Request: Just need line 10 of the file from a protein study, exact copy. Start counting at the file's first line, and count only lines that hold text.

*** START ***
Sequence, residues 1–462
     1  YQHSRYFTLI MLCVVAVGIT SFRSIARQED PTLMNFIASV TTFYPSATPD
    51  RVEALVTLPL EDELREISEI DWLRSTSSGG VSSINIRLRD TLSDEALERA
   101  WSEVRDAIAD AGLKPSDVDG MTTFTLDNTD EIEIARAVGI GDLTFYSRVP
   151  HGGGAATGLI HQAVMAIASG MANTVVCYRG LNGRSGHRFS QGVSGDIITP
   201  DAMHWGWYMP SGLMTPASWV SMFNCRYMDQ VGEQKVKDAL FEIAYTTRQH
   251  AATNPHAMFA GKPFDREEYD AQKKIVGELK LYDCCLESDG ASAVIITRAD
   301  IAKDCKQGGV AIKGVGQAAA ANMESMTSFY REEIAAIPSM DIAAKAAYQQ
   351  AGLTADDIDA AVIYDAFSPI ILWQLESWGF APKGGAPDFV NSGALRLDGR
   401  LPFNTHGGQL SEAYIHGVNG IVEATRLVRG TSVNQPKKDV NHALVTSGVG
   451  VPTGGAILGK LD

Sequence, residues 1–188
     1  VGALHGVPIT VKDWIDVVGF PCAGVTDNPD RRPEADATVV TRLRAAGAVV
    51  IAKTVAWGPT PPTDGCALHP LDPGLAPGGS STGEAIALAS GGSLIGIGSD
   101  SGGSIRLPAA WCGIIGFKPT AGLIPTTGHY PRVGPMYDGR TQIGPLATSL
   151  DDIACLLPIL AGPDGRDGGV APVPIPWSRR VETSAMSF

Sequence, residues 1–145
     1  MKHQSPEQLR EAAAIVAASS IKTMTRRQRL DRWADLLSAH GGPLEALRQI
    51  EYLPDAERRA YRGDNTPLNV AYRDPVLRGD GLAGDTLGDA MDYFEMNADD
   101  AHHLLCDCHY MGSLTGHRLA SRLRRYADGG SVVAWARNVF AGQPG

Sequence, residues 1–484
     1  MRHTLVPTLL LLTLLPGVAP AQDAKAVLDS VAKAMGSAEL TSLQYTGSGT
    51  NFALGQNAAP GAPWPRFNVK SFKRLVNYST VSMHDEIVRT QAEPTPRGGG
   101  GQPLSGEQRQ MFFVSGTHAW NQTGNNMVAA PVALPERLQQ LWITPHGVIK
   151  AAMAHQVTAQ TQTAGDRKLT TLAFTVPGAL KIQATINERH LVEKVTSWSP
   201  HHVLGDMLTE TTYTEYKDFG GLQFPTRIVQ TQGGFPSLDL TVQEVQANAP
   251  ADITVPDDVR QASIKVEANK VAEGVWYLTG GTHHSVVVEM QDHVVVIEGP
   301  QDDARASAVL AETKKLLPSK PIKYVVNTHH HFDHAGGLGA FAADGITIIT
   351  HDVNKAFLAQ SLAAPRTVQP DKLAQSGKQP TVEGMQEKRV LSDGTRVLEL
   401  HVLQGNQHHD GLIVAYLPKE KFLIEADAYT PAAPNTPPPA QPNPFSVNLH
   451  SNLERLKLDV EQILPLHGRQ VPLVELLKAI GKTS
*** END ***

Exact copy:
   401  LPFNTHGGQL SEAYIHGVNG IVEATRLVRG TSVNQPKKDV NHALVTSGVG